ADDIS ABABA (Reuters) – The families of passengers and crew aboard Ethiopian Airlines Flight 302 will mark the first anniversary of the crash on Tuesday, a day after an interim report focused on software installed on the Boeing 737 MAX airliner.
FILE PHOTO: A relative puts soil on her face as she mourns at the scene of the Ethiopian Airlines Flight ET 302 plane crash, near the town Bishoftu, near Addis Ababa, Ethiopia March 14, 2019. REUTERS/Tiksa Negeri
The accident killed all 157 people aboard. It was the second involving the new 737 MAX plane in just five months and led to its worldwide grounding.
There were people from 33 nations aboard Flight 302. Hundreds of relatives and friends from across the world have traveled to Ethiopia for the memorial.
Families from nations including Canada, the United States, Ethiopia, Kenya, Uganda, Italy and France will attend the ceremony at the crash site, which is about a three-hour drive from the capital, Addis Ababa.
Organizers say the program will include a tree planting and the reading out of victims’ names.
The 737 MAX, Boeing’s best-selling plane, remains grounded. Boeing has lost billions of dollars in the wake of the Ethiopian crash and an October 2018 accident involving Indonesia’s Lion Air which killed all 189 people aboard.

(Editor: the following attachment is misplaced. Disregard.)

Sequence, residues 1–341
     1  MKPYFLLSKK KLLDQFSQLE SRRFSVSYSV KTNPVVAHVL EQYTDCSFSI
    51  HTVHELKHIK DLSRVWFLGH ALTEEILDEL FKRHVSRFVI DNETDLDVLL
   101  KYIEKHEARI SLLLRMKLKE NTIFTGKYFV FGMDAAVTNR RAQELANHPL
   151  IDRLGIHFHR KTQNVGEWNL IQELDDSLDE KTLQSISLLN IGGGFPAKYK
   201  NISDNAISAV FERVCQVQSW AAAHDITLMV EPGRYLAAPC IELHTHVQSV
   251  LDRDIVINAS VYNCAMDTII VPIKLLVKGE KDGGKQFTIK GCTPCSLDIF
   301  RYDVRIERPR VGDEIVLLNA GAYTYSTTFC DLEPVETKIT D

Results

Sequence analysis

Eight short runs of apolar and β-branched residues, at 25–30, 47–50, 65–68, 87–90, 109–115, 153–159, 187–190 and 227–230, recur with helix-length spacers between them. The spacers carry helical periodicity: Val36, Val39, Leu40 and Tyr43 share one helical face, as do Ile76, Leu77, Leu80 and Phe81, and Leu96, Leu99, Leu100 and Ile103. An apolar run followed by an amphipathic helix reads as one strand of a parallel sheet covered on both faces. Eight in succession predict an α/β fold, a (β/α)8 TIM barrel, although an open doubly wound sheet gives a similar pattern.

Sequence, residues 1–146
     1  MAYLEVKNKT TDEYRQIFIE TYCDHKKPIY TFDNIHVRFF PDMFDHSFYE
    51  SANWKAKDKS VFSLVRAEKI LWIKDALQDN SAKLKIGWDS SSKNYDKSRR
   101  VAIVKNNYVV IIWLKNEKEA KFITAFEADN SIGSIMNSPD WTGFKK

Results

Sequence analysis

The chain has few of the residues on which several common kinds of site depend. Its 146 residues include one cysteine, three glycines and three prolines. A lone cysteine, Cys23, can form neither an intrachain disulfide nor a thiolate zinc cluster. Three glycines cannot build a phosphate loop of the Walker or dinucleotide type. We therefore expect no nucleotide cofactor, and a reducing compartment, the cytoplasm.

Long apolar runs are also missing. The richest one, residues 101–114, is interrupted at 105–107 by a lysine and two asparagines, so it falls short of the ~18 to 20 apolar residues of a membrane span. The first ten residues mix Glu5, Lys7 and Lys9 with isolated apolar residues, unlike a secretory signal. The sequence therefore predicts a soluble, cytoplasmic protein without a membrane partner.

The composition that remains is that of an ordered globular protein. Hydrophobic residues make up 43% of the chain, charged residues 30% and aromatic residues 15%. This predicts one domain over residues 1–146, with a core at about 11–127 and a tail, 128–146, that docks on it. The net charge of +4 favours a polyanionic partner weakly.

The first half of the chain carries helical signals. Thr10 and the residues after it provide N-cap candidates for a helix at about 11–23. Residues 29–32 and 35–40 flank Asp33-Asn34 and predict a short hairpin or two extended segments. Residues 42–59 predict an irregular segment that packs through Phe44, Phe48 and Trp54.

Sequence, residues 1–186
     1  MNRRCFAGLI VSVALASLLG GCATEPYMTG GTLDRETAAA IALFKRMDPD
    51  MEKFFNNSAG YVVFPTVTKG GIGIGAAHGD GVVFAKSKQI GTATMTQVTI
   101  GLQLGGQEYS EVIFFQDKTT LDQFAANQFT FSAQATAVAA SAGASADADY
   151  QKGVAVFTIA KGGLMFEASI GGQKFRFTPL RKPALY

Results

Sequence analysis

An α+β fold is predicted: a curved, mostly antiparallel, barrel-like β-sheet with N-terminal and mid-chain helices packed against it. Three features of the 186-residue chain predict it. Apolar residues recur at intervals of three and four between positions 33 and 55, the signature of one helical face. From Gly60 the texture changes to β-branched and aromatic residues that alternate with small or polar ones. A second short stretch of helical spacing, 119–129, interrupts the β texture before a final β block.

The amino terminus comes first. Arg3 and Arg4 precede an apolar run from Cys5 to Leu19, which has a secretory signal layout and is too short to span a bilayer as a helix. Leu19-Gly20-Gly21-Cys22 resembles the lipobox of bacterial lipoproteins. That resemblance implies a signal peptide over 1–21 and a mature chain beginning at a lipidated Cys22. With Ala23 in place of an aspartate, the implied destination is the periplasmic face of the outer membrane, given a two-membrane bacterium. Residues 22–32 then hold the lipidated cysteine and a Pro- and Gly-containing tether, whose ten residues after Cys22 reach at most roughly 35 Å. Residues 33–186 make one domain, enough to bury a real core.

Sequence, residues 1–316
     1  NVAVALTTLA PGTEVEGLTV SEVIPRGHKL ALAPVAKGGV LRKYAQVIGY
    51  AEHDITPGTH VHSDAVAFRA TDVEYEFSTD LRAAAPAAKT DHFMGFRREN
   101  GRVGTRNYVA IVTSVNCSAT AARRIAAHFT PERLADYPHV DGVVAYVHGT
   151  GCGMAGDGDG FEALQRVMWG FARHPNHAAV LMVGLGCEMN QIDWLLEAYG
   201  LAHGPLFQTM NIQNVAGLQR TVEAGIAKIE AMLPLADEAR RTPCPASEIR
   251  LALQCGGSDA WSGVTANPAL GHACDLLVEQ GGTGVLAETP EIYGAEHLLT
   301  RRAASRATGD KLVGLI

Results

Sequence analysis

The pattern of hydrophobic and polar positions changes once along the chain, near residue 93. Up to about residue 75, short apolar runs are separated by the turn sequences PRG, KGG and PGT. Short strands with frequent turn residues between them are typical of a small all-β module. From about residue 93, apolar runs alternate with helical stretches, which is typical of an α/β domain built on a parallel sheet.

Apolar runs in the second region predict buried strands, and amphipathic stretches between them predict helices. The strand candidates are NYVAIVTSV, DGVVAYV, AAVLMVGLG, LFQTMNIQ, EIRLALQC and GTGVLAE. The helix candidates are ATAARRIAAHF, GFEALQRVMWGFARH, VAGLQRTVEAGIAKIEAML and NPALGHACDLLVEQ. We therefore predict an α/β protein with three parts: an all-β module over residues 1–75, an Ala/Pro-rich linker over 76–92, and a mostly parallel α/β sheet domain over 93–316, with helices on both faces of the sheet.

Boeing’s CEO was forced to step down and the company is facing hundreds of lawsuits from bereaved families.
Monday’s interim report from Ethiopia’s Aircraft Accident Investigation Bureau bolstered the findings of Ethiopia’s initial assessment, which linked the crash to the plane’s MCAS anti-stall software.
It identified no issues with the airline or the pilots’ handling of the plane, which crashed shortly after take-off.
Inaccurate sensor readings activated the plane’s MCAS anti-stall system, pushing the nose of the aircraft lower as the pilots struggled to control it, the report said.
Reporting by Giulia Paravicini; additional reporting by Tracy Rucinski in Chicago; writing by Omar Mohammed; editing by Jason Neely